My story of resiliency:

My dad’s military career moved us around a lot. We lived in Italy for much of my childhood. Growing up with a bipolar family member made me collateral damage to a brain disorder that doesn’t care how nice you are. Besides the mood swings, a big marker of the disorder is poor judgment and impulsivity: my mom placed me in a different school every single year, and my dad went along with her. In ninth grade, my mom thought it would be a good idea to put me into an Italian public school. I was fourteen, but they put me in sixth grade. Why? I didn’t speak Italian. The Italian administrators thought I’d have an easier time learning the language if I started at the beginning of their middle school program.
At first it was all, “Ciao, ciao, ciao,” the only word I knew. I had no idea what was going on and failed every class for about a month or two, but I continued to study my butt off.

By Christmas, I was making real progress, a solid C student, and I could understand about seventy-five percent of the conversation. I finished the middle school program, in a different Italian school than when I started, with a B average.

But I had a huge problem: I was seventeen years-old with an eighth grade education and we were moving back to the United States for my dad’s retirement.

Panicked, I went into an American high school with my ‘Scuola Media’ diploma and they turned me away. Overcrowded schools were not open to someone who already had a diploma. It was in Italian, so it was unclear to them that it was a diploma for middle school.
Several months later, we moved to a small town so my mom could open, The International Café. By March, the restaurant was facing bankruptcy, but now that I wasn’t needed, I was free to go back to school.

This time I left my diploma at home. Told the guidance counselor that I was eighteen, new in town, and needed to do twelfth grade. She blinked at my transcripts, “No one here speaks Italian; you’ll have to translate these…”

A few months later, I had an American diploma. And I went to Prom! (No proms in Italy.) I applied for tons of scholarships, camping out in the guidance office. The counselor encouraged me to enter the Miss Alexander County pageant for the scholarship money and I won!

Appalachian State University offered me an academic scholarship and an invitation into their honors program. As a quasi-gypsy child, App State will always be my home. I worked three jobs and had to take out a student loan to make ends meet. I ate lots of cereal and Top Ramen; God bless those cheap, wavy noodles!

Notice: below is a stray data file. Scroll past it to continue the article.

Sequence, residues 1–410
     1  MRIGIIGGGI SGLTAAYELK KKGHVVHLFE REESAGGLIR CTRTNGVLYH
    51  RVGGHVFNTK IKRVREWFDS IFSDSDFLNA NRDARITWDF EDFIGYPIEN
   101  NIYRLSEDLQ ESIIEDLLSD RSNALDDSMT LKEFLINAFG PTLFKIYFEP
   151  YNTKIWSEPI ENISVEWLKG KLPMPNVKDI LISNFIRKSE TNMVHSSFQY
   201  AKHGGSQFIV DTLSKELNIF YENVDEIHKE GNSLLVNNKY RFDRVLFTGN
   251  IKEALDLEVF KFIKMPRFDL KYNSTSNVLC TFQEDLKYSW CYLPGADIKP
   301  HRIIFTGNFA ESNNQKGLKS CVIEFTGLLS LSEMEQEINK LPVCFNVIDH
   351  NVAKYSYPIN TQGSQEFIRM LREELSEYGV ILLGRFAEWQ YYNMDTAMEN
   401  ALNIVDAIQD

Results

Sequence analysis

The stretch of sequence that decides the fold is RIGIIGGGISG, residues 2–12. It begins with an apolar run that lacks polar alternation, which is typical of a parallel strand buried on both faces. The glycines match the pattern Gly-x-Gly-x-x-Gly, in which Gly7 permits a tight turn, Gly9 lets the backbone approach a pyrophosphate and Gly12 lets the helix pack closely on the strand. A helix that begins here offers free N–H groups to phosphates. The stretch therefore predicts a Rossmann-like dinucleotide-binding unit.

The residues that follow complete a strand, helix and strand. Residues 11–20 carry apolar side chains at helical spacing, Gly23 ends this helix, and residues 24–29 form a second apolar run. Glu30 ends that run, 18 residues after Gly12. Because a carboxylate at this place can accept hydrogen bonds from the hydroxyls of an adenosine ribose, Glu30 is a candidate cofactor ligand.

I graduated with a Bachelor’s Degree in Psychology and a minor in International Business, which allowed me to study abroad in Australia and China.

Next, I completed a Master’s of Science degree in Mental Health Counseling from Stetson University, which included a study abroad tour in Europe.

My professional career began as a therapist at a boys ranch, where my supervisor told me to double bill for services. I refused. The following week, the boys ranch made the front page for insurance fraud. Everyone was laid off, some went to jail. Not a great career start.

My new job was at a private psychological practice. It was a great fit and I learned a lot.

I pursued a Ph.D. in Marriage and Family Therapy, from Barry University. The road to becoming a doctor was a ziggidy-zaggedy one, but once I arrived, it was so worth it.

After getting married, my husband and I moved to a small, developing town and I created Central Florida Mental Health, a private practice for children and families.

Things were going great until we decided to start a family of our own. It turned out I was infertile, but still made every attempt as if I was chained to a terrible hope/failure rollercoaster. It was a very dark time in my life; consumed from the inside out by the jaws of infertility.

Five years later, I got pregnant thanks to the Center for Reproductive Medicine. I decided to close Central Florida Mental Health so I could stay home with my baby. And nine months later, I had another life growing inside of me without even trying.

Writing is how I make sense of my feelings and provides a wonderful creative outlet. It has always been a part of me and when I don’t write I get cranky. I have no idea where my writer’s journey will take me, but when I look back over my life, there were plenty of times when the future was unknown, but hard work and perseverance paid off.

Day by day; one breath at a time. Some breaks may be longer than others. And some pain may take longer to heal, but I will always get back to work. Because pleasure can’t exist without pain, and you can’t divorce success from failure. Examine each moment for the yumminess it contains, and if you happen to lick a sour patch, wrinkle your nose, but keep searching for something sweet.